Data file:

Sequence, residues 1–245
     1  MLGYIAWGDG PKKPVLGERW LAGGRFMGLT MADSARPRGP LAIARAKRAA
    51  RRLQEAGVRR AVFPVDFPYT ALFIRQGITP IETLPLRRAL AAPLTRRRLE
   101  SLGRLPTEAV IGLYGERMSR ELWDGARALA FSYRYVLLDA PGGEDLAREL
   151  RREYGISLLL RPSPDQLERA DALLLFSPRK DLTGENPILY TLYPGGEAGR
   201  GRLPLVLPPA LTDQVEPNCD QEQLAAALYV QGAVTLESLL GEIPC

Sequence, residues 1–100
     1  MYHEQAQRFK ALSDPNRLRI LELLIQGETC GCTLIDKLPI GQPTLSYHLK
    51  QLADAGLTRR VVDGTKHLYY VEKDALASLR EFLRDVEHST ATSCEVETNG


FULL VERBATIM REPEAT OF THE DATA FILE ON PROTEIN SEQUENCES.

Sequence, residues 1–245
     1  MLGYIAWGDG PKKPVLGERW LAGGRFMGLT MADSARPRGP LAIARAKRAA
    51  RRLQEAGVRR AVFPVDFPYT ALFIRQGITP IETLPLRRAL AAPLTRRRLE
   101  SLGRLPTEAV IGLYGERMSR ELWDGARALA FSYRYVLLDA PGGEDLAREL
   151  RREYGISLLL RPSPDQLERA DALLLFSPRK DLTGENPILY TLYPGGEAGR
   201  GRLPLVLPPA LTDQVEPNCD QEQLAAALYV QGAVTLESLL GEIPC

Sequence, residues 1–100
     1  MYHEQAQRFK ALSDPNRLRI LELLIQGETC GCTLIDKLPI GQPTLSYHLK
    51  QLADAGLTRR VVDGTKHLYY VEKDALASLR EFLRDVEHST ATSCEVETNG